A 32-year-old Caucasian woman with atopy and relevant seasonal allergic rhinitis in the springtime was diagnosed EoE in 09/2018. Symptoms were somewhat atypical with postprandial coughing, especially after consumption of pasta and bread, regurgitation and intermittent dyspnea. After diagnosing EoE, treatment with fluticasone powder was initiated and continued for 16 months. Induction therapy was started at 2x1000μg/day for 2 weeks, then reduced to 2x500μg/day and 3x250μg/day, respectively. This therapy with fluticasone was in off-label prescription. When the orodispersible budesonide tablet became available in Switzerland, a change in therapy was planned. The switch to orodispersible budesonide 2x1mg/day is called day 1. Approximately 8 hours after the intake of the first effervescent tablet, a “strange pruritus” was felt in the throat. This sensation worsened with each subsequent intake. Three days later (day 4) approximately 1 h after the intake of the evening dose symptoms progressed and the patient complained of dysphagia and dysarthria. On day 5, she consulted an otolaryngologist office because of persisting tongue-numbness and a burning throat sensation. In the evening of day 5 tongue, lips, face and the oral mucosa became swollen. She was unable to lie down because of swallowing difficulties due to increased mucus production. She felt a burning pain behind the sternum and experienced a feeling of tightness. In the morning of day 6, she was referred to the emergency unit of the local hospital. The orodispersible budesonide was stopped. Clinical examination showed a generalized intraoral swelling and deep mucosal redness. In addition, small transparent vesicles grouped in the middle of the hard palate were noticed. A smear test of the vesicles on the palate was positive for H. simplex virus type 1. CRP was slightly elevated (10,9 mg/l), eosinophil count was normal (0.30G/l).
After treatment with clemastine (3 mg) and methylprednisolone 40 mg i.v. facial and mucosal swelling subsided within a few hours. A consecutive oral therapy with cetirizine 10 mg was prescribed. Swelling of the upper lips reoccurred the next day (day 7), but symptoms disappeared with oral prednisolone 50 mg/day over a period of 2 days. Dose was tapered to 20 mg and finally to 10 mg/day over a week. This dose was maintained for 2 weeks. Because allergy to budesonide was suspected, the patient was referred to an allergy workup.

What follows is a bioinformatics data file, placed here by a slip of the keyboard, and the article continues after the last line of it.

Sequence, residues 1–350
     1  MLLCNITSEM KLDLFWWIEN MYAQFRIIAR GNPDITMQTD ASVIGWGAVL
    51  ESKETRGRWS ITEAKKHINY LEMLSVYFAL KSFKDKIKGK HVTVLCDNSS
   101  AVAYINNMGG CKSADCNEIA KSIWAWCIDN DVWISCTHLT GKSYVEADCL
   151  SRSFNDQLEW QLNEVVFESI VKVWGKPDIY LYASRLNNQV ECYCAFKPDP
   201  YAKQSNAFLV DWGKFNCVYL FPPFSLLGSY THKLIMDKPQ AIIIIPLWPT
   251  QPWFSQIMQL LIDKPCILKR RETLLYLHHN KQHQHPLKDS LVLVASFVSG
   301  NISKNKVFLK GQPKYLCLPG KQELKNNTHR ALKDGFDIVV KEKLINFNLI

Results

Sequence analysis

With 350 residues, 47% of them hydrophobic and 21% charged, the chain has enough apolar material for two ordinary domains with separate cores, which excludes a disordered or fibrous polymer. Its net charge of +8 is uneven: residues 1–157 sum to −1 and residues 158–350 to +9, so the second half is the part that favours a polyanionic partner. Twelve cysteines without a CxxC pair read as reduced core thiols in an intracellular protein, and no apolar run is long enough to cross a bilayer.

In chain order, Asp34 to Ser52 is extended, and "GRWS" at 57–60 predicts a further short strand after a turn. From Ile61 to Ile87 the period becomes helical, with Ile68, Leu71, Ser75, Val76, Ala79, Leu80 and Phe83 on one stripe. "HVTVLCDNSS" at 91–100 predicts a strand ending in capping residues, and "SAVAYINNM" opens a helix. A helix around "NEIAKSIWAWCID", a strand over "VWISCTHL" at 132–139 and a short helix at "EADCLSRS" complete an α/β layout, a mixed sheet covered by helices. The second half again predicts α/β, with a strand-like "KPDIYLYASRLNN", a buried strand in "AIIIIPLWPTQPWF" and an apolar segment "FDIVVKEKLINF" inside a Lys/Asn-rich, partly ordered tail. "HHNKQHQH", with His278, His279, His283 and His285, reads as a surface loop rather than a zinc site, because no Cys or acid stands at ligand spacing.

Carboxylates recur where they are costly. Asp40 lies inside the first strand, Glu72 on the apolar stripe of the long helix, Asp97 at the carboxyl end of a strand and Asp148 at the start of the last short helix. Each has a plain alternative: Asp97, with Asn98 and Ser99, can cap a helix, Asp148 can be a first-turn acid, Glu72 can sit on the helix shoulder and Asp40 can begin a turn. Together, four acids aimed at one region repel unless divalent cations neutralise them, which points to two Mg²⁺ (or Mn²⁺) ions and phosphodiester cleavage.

The allergy workup was performed within 2 months after the reaction and included patch tests to Jorveza® and the corticosteroids tixocortol pivalate 1%, hydrocortisone 1%, prednisolone 1%, budesonide 0.1%, amicinonide 0.1%, triamcinolonacetonide 0.1%, dexamethasone 0.1%, hydrocortisone-17-butyrate 0.1%, betametasone-17-valerate 0.12% and clobetasol-17-propionate 0.25% and tixocortol-21-pivalate 3 μg/cm2, budesonide 1 μg/cm2, hydrocortizone-17-butyrate 20 μg/cm2 (allergEAZE® and T.R.U.E. TEST® SmartPractice, Hillerod, Denmark). Petrolatum was used as a negative control. Patch tests were removed 48 h after application and skin reactions were read after 48 and 72 h. Significantly positive reactions (++) with erythematous papules and isolated vesicules were observed to budesonide (tested twice) (Fig. 1(a), (b)) and the incriminated medication Jorveza® (Fig. 1(c)). Overnight after test application, a mild itchy flexural exanthema involving the insight of both elbows, neck, behind the ears and the décolleté area developed (Fig. 1(d)).